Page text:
Another technique for self-development as a part of professional development I willingly do is observation.
This year we are working on peer observation in a small groups of teachers. Teacher observation is one more model
of professional learning that “is key to supporting a new vision for professional development,” [7,p.2. ]. (explained
Stephanie Hirsh, deputy executive director of the National Staff Development Council (NSDC) The new vision,
according to Hirsh, involves teacher teams that meet daily to study standards, plan joint lessons, examine student
work, and solve common problems. Team members then apply that learning in the classroom, watching each other
teach and providing regular feedback.
Teacher observation should be part of a pool of professional development opportunities, Sparks told
Education World. One way in which peer observation can be very effective is when teachers acquire new skills
or ideas at conferences and then model those new approaches for their colleagues. That is best done through
observation, said Sparks, who advocates learning in the school, rather than through “pull-out” training, such as
workshops. Professional development should be job-embedded, he emphasized. That is one of the greatest beneﬁ ts
of teachers observing other teachers. Critical Elements of Teacher Observation as Professional Development
Ensuring school leaders advocate and support teacher observation as a valid form of professional
Building a community of trust among faculty
Establishing a school-wide commitment to the approach
Separating observation from the teacher evaluation process
Declaring the purpose for teacher observation and a commitment to its outcomes
Inviting teachers to ﬁ rst participate in the process as volunteers
Allowing time for teachers to observe other teachers
Organizing scheduled meetings, coaching sessions, and follow-up conversations
Creating teams that share students
Selecting speciﬁ c strategies and skills on which to focus during an observation session
Instituting a way to measure the impact of observation
I learn very much from observation, it is beneﬁ cial for my professional development . Observation brings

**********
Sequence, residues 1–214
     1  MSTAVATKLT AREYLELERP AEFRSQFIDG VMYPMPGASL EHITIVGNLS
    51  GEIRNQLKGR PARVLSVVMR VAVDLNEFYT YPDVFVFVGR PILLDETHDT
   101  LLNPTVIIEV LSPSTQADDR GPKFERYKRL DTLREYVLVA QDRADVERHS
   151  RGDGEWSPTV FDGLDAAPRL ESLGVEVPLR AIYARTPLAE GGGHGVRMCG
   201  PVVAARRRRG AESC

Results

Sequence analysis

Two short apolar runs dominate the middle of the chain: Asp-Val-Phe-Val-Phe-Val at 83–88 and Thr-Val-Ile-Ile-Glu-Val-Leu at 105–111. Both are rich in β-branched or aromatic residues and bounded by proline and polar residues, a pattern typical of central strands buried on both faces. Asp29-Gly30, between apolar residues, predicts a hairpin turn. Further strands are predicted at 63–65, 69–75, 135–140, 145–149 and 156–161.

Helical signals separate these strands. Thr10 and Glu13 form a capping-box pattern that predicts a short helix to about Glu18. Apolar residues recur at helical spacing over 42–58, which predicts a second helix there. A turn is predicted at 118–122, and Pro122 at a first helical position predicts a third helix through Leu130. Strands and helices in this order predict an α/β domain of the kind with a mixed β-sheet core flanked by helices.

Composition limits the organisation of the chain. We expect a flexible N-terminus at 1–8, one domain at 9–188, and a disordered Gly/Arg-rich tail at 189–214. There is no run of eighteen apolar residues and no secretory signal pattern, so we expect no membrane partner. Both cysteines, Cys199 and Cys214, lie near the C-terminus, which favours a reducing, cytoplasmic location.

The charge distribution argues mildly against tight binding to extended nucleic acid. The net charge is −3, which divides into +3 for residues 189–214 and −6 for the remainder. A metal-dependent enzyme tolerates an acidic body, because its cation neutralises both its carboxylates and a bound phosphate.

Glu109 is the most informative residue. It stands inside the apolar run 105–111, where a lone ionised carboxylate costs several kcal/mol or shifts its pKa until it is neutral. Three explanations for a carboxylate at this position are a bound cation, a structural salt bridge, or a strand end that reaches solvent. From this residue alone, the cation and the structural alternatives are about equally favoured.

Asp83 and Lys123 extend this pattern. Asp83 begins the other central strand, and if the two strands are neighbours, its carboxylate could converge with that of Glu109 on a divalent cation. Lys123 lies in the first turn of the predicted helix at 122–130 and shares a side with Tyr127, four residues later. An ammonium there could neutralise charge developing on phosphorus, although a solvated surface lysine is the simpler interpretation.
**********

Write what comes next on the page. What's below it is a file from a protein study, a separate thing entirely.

actual practice to the forefront. A variety of approaches to teacher observation support professional growth and
student achievement. The following are several of those methods:
Lesson Study -- In this three-pronged approach designed by Japanese educators, teachers collaboratively
develop a lesson, observe it being taught to students, and then discuss and reﬁ ne it.
and share teaching practices, observe each other’s classrooms, provide mutual support, and, in the end, enhance
teaching to enrich student learning.
Cognitive Coaching -- Teachers are taught speciﬁ c skills that involve asking questions so that the teacher
observed is given the opportunity to process learning associated with teaching the lesson.
professional growth linked to student learning. Each CFG is composed of eight to 12 teachers and administrators,
under the guidance of at least one coach, who meet regularly to develop collaborative skills, reﬂ ect on their
teaching practices, and look at student work. [8,p.1] (See an Education World article, Critical Friends Groups:
Catalysts for School Change).
Learning Walk -- The Learning Walk, created by the Institute for Learning at the University of Pittsburgh, is
a process that invites participants to visit several classrooms to look at student work and classroom artifacts and
to talk with students and teachers. Participants then review what they have learned in the classroom by making
factual statements and posing questions about the observations. The end result is that teachers become more
reﬂ ective about their teaching practices. Professional development is always linked to The Learning Walks.
The professional development that a teacher values depends on what he or she needs at any given time. So
a teacher struggling with classroom management can improve his or her skills by observing a peer in a safe and
inclusive learning environment. Being observed by the same peer leads to suggestions about how to handle
behavior problems, as well as opportunities to share successful teaching approaches with the observer. Most
important to effective teacher observation is that it be student-focused. The emphasis needs to be on how things
can be done differently in the classroom to ensure that students succeed academically.
Through practical teaching and learning strategies, teachers abandon the didactic approach, abandon rote
memorization, and begin to teach subjects as ways to think more effectively about the world, as ways of asking
important questions and getting important answers. They approach content through leading ideas that tie other
ideas together and make learning more simple and logical. They model the thinking they want students to learn,
engage the students in the thinking they model, and hold students responsible for the thinking they do.
Ongoing professional development is essential as it enables us be effective teachers in the modern world.
And every teacher is free to choose the way for self-development, to use different techniques and methods. I have
decided upon those mentioned above.